How secure is your student’s data?

How secure is your data? Have you stopped to think what someone would have access to if they got into your email? Twitter? Facebook?

I had a realization while listening to the amazing Leo Laporte, and his explanation of Google’s Authenticator app, that my accounts may not be as safe as I thought. Maybe, just maybe, my password isn’t the equivalent of Fort Knox security. So I began to install 2-step verification, and the Google Authenticator app. This app is fantastic, it provides a 30 second code for 2-step verification. When your account is accessed from a new device, it prompts you for not only the username and password, but also for the Google Authenticator code. This code appears on your iPhone, Blackberry, Andriod phone in the app, and it only “live” for 30 seconds. I am very happy with this new step in security, but the real question is, why did I do it?

During a recent fire drill, it struck me that schools are required to practice various security measures for our students physical safety, but I struggled to think of any security measures we use to protect their digital safety.

I have countless emails, projects, essays and other student data on my Gmail, Google Docs and other digital mediums. What if someone got into those accounts? I would feel horrible if a student wrote me an email to explain an embarrassing personal situation, and that email became public. What would I do if a student slaved away on a project, emailed it to me, but then my account was wiped clean? These situations, although we think unlikely, occur more than we realize. This is why I initiated 2-step verification on my Google accounts, because if we aren’t showing students the proper way to stay secure, how can we expect them to do any better?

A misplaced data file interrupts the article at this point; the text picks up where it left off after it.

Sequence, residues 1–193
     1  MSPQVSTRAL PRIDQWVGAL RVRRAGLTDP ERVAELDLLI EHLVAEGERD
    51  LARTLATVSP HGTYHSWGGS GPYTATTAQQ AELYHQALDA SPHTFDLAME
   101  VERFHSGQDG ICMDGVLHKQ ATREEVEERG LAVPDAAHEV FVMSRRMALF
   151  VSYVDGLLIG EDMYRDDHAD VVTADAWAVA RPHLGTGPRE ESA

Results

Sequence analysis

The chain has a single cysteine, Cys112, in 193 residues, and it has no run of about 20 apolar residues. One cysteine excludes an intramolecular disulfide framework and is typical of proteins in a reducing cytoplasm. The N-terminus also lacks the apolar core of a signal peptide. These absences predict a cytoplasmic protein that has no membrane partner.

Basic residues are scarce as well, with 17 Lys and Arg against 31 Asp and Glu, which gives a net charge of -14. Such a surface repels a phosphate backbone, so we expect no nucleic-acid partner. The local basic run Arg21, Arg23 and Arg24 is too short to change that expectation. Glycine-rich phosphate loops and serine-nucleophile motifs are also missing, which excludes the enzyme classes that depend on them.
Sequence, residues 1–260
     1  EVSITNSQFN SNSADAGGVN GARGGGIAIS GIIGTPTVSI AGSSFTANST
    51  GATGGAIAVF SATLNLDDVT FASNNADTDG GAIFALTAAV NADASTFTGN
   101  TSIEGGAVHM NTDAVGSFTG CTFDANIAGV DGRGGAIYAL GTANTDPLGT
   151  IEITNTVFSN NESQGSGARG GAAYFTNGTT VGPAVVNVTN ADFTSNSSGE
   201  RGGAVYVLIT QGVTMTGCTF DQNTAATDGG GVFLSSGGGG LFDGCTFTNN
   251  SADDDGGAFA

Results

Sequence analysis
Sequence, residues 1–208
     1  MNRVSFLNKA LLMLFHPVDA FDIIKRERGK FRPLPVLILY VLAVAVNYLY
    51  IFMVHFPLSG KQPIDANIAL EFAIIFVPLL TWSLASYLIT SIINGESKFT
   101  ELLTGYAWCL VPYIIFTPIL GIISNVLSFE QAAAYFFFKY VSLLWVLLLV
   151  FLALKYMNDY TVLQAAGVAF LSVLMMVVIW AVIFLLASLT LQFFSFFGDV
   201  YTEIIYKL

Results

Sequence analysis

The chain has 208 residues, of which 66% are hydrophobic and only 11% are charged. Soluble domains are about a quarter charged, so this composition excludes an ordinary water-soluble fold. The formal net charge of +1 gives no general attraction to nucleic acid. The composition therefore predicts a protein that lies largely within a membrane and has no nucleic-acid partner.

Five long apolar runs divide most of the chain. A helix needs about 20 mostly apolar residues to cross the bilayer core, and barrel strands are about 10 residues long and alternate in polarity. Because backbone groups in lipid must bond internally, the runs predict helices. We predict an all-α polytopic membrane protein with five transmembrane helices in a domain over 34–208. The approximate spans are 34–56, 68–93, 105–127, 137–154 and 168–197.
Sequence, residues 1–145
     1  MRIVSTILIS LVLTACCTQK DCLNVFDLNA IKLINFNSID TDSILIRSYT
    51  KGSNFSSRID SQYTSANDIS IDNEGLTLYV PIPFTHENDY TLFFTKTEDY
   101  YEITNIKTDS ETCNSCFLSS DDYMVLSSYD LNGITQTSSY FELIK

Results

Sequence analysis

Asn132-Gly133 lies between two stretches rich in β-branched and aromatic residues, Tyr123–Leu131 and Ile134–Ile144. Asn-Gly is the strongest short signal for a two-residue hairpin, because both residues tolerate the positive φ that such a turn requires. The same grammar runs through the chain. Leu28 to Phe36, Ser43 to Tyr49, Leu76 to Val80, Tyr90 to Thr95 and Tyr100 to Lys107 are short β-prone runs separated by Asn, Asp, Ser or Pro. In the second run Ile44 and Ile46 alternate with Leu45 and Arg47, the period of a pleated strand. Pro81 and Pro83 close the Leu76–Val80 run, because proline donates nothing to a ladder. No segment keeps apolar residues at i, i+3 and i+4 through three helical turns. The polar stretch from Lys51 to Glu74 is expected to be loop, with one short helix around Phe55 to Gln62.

Google Video: 2-Step Verification



PD While You Drive – Podcasts


Over the past few months, I have become more and more fascinated by the various podcasts in the iTune Store, and the variety of topics they cover. I have compiled below a list of podcasts that I rely on to increase my knowledge, both professionally but also socially. I have used a lot of what I hear in these Podcasts in my lessons, planning, technology integration and everyday conversation with my students. Since listing to these podcasts doesn’t take any additional time from my day, as I listen on my runs and during my commute, all of this content is without cost to my productivity.



For iOS Downcast is the most impressive app. Allows iCloud Sync between devices and blows the Apple Podcast app away.





Some of my consistent podcasts:


Instructional Tech Talk – Jeff Herb


iPad Today – Twit  (This Week In Tech)

MacBreak Weekly – Twit

This Week In Google – Twit

This Week In Tech – Twit

NPR Topics: TEchnology Podcast – NPR


Techstuff – How Stuff Works

Lifehacker Podcast

The Cult Cast – Cult of MacImage


History of Rome – Mike Duncan 

History of WWII

Freakonomics Radio – NPR